Animal Superpowers Exhibit Opens in Montreal

As the nights get longer and the days get colder, many families seek indoor activities to keep entertained. Well, Montrealers are in for a treat because the Animal Superpowers exhibit recently opened at the Palais des Congrès. The show features 32 monumental statues built entirely from LEGO® Bricks by renowned brick-artist, Sean Kenney. Kenney is a LEGO® certified professional known all over the world for his LEGO® sculptures. Animal Superpowers focuses on the amazing abilities evolved by organisms in the natural world.

Chameleon from the Animal Superpowers exhibit.
Jeweled Chameleon (49,764 bricks) from the Animal Superpowers exhibit in Montreal.

As an avid LEGO® fan, I enjoy a good brick-exposition. In fact, Animal Superpowers was not my first rodeo. I caught Art of the Brick by Nathan Sawaya a few years back in New York City. My interest led me to hit up Palais des Congrès in Montreal on opening weekend for the show. Incidentally, Animal Superpowers runs from December 3 until January 7. Ticket prices vary by day and time, with evenings and weekends being more expensive.

WeekdayWeekend/Evening
Infant (under 5 years)FreeFree
Child (5-12 years)$17.25$23.00
Student (13-18 years)$23.00$28.74
Adult (18+)$28.74$34.39
Family Package (2 adults + 2 kids)N/A$91.98
Ladybug from the Animal Superpowers Exhibit
Ladybug from the Animal Superpowers exhibit in Montreal.

See 32 amazing sculptures of animals built from LEGO® bricks.

In total, there are 32 sculptures in the exhibit. I will not show photos of them all here to leave a little bit of surprise. However, you can expect to see:

  • Ladybug (30,963 bricks)
  • Mother Polar Bear & Cubs (113,263 bricks)
  • Tiger Swallowtail Butterfly (37,481 bricks)
  • Zebra (58,139 bricks)
  • Jeweled Chameleon (49,764 bricks)
  • Venus Fly Trap (110,748 bricks)
  • Baby Pandas (53,460 bricks)
  • Monarch Butterfly (39,708 bricks)
  • Caterpillar (46,950 bricks)
  • Woodpecker (22,671 bricks)
  • Wildebeest (66,655 bricks)
  • Hummingbird (36,300 bricks)
  • Tree Frog (47,000 bricks)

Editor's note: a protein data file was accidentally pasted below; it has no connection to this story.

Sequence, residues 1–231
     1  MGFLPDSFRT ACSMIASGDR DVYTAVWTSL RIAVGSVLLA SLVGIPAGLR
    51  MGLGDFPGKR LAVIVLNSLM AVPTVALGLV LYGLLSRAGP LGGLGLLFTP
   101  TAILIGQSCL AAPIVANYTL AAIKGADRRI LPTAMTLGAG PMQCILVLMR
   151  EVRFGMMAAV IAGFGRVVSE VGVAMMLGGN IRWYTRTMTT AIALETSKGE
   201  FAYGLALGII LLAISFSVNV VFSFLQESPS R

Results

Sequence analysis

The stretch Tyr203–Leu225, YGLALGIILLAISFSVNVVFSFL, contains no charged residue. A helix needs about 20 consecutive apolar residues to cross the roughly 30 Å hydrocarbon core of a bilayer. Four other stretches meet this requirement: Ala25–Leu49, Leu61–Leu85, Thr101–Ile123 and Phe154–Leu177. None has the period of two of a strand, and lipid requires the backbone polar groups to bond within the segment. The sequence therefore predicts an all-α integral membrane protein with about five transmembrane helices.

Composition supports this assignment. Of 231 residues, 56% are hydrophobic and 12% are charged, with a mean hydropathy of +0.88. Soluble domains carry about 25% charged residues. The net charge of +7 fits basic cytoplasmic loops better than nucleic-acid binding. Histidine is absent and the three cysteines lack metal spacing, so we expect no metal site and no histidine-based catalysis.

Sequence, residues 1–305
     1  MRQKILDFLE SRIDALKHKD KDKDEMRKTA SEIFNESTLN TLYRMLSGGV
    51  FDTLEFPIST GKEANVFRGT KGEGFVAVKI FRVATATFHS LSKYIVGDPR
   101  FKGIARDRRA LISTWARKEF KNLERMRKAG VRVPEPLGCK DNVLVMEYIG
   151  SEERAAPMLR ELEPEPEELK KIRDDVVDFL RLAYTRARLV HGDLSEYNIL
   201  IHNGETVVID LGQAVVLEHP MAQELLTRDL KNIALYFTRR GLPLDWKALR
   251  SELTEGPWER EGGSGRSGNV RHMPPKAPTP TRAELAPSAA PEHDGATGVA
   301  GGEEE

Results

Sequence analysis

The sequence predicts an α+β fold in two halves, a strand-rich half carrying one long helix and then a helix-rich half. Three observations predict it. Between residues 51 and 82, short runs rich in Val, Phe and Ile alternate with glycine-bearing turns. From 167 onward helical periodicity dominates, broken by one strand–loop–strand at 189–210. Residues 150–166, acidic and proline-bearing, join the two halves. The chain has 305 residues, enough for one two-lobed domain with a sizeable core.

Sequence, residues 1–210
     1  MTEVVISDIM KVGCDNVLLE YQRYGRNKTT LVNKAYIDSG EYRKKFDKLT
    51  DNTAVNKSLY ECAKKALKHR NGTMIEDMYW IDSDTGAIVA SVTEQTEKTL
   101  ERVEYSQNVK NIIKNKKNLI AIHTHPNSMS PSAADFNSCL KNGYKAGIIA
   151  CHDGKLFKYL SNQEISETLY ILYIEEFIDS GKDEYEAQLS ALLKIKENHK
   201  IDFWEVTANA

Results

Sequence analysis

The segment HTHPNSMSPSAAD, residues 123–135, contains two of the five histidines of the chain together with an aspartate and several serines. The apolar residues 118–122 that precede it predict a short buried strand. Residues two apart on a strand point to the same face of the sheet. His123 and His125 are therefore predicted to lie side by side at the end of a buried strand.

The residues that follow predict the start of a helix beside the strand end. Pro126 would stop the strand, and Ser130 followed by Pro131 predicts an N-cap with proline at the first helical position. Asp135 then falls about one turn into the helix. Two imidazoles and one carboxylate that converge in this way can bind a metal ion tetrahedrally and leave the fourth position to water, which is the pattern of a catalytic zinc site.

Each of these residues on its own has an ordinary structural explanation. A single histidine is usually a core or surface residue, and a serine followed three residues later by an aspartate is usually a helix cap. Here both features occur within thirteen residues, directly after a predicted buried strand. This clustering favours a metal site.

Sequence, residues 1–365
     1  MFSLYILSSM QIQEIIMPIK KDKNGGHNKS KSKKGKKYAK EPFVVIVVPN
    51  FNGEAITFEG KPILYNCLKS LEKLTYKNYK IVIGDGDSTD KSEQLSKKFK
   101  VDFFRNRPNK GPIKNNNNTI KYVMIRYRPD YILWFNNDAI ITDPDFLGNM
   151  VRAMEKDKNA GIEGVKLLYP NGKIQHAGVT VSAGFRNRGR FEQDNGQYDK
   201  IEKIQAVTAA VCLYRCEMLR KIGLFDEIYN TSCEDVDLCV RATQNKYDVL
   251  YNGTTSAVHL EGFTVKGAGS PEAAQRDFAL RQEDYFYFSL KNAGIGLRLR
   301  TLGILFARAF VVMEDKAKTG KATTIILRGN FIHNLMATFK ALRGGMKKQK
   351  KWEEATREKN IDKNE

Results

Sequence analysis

• Pangolin (51,744 bricks)
  • Dragonfly (40,260 bricks)
  • Slow Loris (9,786 bricks)
  • Orangutan (21,600 bricks)
  • Bee (16,383 bricks)
  • Hatching Baby Sea Turtle (57,462 bricks)
  • Bald Eagle (42,198 bricks)
  • Koi Fish (1,937 bricks)
  • Disappearing Rhino (86,361 bricks)
  • Duck and Ducklings (30,756 bricks)
  • Whooping Crane (43,678 bricks)
  • Lion (48,248 bricks)
  • Bison (45,143 bricks)
  • Bison Calf (16,228 bricks)
  • Tortoise (23,317 bricks)
  • Mountain Goats (88,176 bricks)
  • Deforestation (113,500 bricks)
  • Snow Leopard (55,044 bricks)
  • Dodo (75,000 bricks)
Orangutan from the Animal Superpowers exhibit.
Orangutan from the Animal Superpower Exhibit in Montreal.

Personally, I found the choice of venue a bit off. Montreal has a beautiful Biodome. I wish these stunning builds were displayed there. However, that would make it harder to charge an extra ticket price if there is already a cover charge for the Biodome. Palais des Congrès felt cold, and the tiny backdrops posted behind the animals did little to bring the scene to life. I would love to see these sculptures dispersed throughout the vibrant biomes of the Biodome. At the very least, Palais des Congrès needs full size backdrops or scenes around each piece. The display facilities left me wanting more.

Baby pandas
Baby Pandas from the Animal Superpowers exhibit in Montreal.

The builds feature clever usage of LEGO® bricks.

With that said, the sculptures themselves were beautiful. As an AFOL (Adult Fan of LEGO®), I certainly appreciate the art and design of these builds. A sign accompanies each creature with biological information as well as the brick count and build time for each model. The amount of time Kenney spent on these is awe-inspiring. I found myself dreaming of trying to build something similar, if even just one of the smaller models. Additionally, the NPU (nice parts usage) also gives you ideas. For example, the ants accompanying the Pangolin were Minifigure roller skates.

One of the real kickers were the eyes on the models. Incidentally, they were very lifelike. The eyes employed dish and canopy dome pieces to achieve gloss and spherical structure. My favorite model was Deforestation featuring a clouded leopard for that very reason. The eyes captured a deep sorrow at the loss of the forest. Additionally, the piece had a life-sized, brick-built backdrop that many other displays lacked.

Clouded Leopard from the Animal Superpowers Exhibit
Clouded Leopard from the Animal Superpowers exhibit.

My favorite? The clouded leopard.

At the end of the experience, you stroll through a small gift shop. Sadly, adult fans will find little of interest and even smaller selection. Save your pennies for the LEGO® Store or an Amazon sale. I wish they sold a book of Kenney’s art, or something unique to the show. Also, the exhibit is a little expensive for such a cold exhibition space. These sculptures deserve more. Otherwise, LEGO® fans will enjoy the builds in the Animal Superpowers Exhibit. The models impress and they inspire future building. Have you seen Animal Superpowers? Feel free to comment below or reach out on social media.

Until next time,

-Tom

Want to support True North Bricks?

If you like the content at True North Bricks, please follow on Instagram, Facebook, Twitter, Pinterest, LinkedIn, or YouTube for regular updates. Additionally, you can support True North Bricks by making your LEGO® (and other) purchases using the links in the menu to the right. As an affiliate of those retailers, we earn from qualifying purchases. These earnings come at no extra cost to you but help to the keep the content at True North Bricks free. Thanks for your support!

2 comments